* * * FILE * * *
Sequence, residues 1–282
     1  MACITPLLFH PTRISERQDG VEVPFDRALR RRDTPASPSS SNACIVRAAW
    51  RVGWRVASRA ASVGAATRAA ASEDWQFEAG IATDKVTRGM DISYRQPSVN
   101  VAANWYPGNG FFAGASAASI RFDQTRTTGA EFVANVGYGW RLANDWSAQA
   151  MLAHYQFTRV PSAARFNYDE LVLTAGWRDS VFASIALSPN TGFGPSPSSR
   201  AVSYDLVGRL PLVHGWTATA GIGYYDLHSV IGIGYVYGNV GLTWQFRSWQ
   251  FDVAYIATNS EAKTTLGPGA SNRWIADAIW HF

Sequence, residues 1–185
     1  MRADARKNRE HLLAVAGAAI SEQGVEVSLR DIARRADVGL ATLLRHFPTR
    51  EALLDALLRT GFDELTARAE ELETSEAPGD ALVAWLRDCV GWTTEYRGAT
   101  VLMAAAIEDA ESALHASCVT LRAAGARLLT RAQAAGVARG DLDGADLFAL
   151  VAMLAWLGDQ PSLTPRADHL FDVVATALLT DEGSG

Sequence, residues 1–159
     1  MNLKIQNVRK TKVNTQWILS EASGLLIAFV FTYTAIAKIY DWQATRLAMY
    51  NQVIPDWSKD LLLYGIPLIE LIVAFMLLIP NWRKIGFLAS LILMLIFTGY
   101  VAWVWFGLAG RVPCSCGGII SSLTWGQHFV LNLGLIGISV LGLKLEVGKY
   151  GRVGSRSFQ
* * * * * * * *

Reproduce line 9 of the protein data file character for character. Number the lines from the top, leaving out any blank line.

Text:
     1  MRADARKNRE HLLAVAGAAI SEQGVEVSLR DIARRADVGL ATLLRHFPTR